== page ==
Testimony by Senior Deputy Assistant Administrator of the Bureau for Management Drew W. Luten before the Commission on Wartime Contracting in Iraq and Afghanistan

Monday, July 26, 2010

Co-Chair Shays, Co-Chair Thibault, and Commissioners, I thank you for the invitation to join you and my fellow colleagues on this panel today. I am pleased to represent the U.S. Agency for International Development as we explore the question posed by this commission regarding oversight of subcontracts in Iraq and Afghanistan.

As Senior Deputy Assistant Administrator for the Management Bureau, I supervise the central support functions such as financial management services, acquisition and assistance, information technology, and general administration. My bureau serves to help manage some of the challenges inherent in conducting U.S. development programs in more than 80 countries.

To address your question of who is "minding the store" with regards to subcontractors, I will briefly address USAID's overall responsibilities for our programs and then focus on how we manage subcontract issues.

Program Oversight in Iraq and Afghanistan

It is standard USAID business practice to have on-the-ground Mission presence where we implement our activities. This approach allows us the in-country coordination, on-site management, and oversight support necessary to effectively maintain and account for our development portfolios.

The USAID/Afghanistan Mission funds more than 120 awards, ranging in size and scope throughout the provinces. The USAID/Iraq Mission manages 14 programs currently. In large part we implement these programs through contracts, grants and cooperative agreements. The programs are designed to support the people of Iraq and Afghanistan by strengthening institutions and local capacity, for instance:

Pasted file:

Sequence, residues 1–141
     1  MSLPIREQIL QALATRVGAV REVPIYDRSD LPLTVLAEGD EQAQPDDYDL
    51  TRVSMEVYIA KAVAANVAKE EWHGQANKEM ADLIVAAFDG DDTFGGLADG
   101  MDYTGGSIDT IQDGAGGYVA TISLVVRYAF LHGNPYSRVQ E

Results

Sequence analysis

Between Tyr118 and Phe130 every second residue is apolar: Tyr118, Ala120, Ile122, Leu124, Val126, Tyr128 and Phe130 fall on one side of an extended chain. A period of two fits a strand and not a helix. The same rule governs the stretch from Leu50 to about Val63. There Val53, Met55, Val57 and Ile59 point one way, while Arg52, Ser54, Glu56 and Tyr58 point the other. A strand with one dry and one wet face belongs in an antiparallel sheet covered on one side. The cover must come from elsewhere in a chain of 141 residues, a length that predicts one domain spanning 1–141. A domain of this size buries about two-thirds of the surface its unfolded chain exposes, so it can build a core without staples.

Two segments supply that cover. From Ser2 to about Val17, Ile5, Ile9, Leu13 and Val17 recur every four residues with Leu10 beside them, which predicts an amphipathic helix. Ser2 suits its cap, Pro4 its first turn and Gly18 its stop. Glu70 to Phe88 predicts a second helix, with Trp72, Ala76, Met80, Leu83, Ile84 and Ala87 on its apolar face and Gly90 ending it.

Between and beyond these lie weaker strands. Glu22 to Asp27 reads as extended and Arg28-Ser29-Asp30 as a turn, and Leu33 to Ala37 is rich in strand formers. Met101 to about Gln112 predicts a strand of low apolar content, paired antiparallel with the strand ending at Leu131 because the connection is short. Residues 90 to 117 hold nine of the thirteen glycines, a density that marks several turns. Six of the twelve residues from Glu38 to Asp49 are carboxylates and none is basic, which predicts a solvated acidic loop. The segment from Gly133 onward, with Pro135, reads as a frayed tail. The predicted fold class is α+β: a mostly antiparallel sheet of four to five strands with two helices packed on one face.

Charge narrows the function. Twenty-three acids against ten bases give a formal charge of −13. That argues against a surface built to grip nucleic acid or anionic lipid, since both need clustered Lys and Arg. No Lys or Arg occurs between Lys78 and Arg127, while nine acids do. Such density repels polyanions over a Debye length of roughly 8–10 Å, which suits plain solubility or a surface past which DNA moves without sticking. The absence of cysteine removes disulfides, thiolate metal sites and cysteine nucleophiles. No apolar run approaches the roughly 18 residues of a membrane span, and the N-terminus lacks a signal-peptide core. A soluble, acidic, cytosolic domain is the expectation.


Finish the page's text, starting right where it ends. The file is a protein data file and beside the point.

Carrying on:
• expanding economic opportunity through micro-finance projects;
  • extending critical services, such as electricity or clean water;
  • building government capacity to administer their own development programs through training and technical assistance; and
  • providing cash-for-work and other short-term stabilization activities.

Our activities in Iraq and Afghanistan are monitored by teams of USAID experts. We have contracting and financial management officers in country, supported by local and third country nationals who serve as procurement and financial specialists. Our technical experts serve as contracting officer's technical representatives (COTRs) or activity managers. Our program management and oversight teams work under the leadership of senior managers who ensure that we align our programs to broader USG priorities.

In Afghanistan, we have 270 staff on the ground and in country as of July 22, 2010. Currently, we have approximately 10 contracting officers and more than 60 active COTRs. (Additional personnel in country also have been trained and certified as COTRs but are not currently designated on an award). By 2011, we expect to have 387 U.S. personnel on the ground.

In Iraq, we have approximately 120 staff, including 3 contracting officers and 21 COTRs. This total number also includes our permanent staff of foreign service nationals who add great expertise and local knowledge to our ranks.